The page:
Geophysicist and shale gas expert Mark Zoback speaks to the science of hydro-fracking to free shale gas. He addresses many misconceptions he feels the public weigh too heavily and offers his view on the crucial role natural gas plays as a bridge to renewable energy. Mark also looks to some critiques of the nuclear energy sector (including Fukushima) and finds intriguing parallels to the shale gas revolution.
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Dr. Zoback’s principal research interests are in the fields of crustal stress and geomechanics. He works on these problems at a variety of scales and in different geologic settings. He was one of the principal investigators of the SAFOD project (San Andreas Fault Observatory at Depth) investigating the physics of faulting and has been involved in projects studying active faulting in Taiwan and in the deep mines of South Africa. He also works on regional tectonic problems in various parts of the world. His lab pursues a number of research projects in reservoir geomechanics, especially in regard to production from shale and tight gas reservoirs. He has also extended his interest in geomechanics to research on environmental problems such as the geologic sequestration of CO2 and coastal subsidence in Lousiana. His book, Reservoir Geomechanics, was published by Cambridge University Press and is now in its fifth printing. The book integrates the fields of structural geology, rock mechanics and petroleum engineering with application to problems in the oil and gas industry.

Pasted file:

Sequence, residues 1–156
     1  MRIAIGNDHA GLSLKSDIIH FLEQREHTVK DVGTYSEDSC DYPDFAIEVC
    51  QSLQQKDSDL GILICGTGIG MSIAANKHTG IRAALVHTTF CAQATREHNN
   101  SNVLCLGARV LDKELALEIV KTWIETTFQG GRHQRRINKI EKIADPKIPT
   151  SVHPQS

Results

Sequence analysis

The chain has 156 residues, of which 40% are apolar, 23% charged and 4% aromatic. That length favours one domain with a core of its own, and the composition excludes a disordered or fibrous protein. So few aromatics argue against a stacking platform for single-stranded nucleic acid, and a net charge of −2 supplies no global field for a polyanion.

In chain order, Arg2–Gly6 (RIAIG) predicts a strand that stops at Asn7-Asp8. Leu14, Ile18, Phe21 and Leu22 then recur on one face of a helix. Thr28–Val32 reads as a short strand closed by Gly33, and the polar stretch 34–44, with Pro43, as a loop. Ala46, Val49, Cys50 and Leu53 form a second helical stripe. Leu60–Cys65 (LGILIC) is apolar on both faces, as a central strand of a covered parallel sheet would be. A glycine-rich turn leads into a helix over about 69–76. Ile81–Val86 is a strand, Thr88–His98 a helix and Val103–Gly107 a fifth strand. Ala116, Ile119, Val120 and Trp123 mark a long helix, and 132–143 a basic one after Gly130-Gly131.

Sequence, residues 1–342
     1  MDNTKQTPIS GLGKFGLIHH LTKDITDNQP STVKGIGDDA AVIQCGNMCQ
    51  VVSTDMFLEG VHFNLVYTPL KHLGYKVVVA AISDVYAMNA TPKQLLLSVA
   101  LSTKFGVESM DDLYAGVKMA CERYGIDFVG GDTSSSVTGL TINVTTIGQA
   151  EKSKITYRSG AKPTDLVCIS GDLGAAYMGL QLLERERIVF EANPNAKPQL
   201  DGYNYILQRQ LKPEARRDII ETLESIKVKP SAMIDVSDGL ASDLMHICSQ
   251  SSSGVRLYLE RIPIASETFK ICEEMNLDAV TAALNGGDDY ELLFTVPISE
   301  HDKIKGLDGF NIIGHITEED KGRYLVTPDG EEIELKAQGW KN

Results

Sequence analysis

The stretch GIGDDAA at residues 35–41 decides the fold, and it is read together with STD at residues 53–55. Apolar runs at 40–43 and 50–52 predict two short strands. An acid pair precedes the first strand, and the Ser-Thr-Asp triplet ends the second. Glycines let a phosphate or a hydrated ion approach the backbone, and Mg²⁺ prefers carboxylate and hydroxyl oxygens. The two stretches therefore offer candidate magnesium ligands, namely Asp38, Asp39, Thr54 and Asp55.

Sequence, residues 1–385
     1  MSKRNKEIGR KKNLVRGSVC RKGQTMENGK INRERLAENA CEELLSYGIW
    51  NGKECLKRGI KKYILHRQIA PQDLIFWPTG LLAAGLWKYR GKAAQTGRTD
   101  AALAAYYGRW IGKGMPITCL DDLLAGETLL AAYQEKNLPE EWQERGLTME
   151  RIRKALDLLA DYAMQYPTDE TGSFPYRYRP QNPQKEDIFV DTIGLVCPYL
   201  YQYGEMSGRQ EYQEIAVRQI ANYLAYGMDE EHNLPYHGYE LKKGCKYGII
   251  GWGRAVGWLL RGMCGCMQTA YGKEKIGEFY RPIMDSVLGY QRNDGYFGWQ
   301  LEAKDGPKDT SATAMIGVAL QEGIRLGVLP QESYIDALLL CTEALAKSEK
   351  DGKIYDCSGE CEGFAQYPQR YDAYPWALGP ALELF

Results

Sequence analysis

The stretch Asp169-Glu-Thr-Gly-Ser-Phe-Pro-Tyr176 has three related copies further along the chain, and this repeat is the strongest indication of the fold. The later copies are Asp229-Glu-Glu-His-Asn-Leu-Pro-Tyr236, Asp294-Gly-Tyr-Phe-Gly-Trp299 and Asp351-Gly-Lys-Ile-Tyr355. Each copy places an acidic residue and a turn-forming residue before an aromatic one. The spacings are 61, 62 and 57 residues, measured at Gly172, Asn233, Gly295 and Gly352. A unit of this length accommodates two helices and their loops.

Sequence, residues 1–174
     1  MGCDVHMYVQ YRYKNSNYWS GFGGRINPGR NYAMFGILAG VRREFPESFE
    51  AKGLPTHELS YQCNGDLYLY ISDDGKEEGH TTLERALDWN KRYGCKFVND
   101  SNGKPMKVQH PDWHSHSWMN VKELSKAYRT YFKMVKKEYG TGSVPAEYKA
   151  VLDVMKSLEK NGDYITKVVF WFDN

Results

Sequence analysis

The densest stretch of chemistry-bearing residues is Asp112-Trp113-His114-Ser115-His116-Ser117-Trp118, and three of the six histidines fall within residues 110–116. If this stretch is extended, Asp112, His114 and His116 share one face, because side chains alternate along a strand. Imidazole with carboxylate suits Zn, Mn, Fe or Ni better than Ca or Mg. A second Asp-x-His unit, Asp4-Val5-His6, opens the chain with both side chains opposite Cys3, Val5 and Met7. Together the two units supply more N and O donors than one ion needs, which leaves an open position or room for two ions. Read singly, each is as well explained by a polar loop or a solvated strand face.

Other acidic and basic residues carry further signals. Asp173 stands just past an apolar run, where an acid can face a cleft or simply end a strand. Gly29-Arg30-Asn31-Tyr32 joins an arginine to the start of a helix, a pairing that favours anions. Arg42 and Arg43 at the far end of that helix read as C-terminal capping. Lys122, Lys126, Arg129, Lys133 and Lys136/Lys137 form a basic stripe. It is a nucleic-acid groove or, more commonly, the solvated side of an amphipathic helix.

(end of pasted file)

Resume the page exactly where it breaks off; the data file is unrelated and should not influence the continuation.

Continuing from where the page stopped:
For biographical information on Mike Osborne, click here.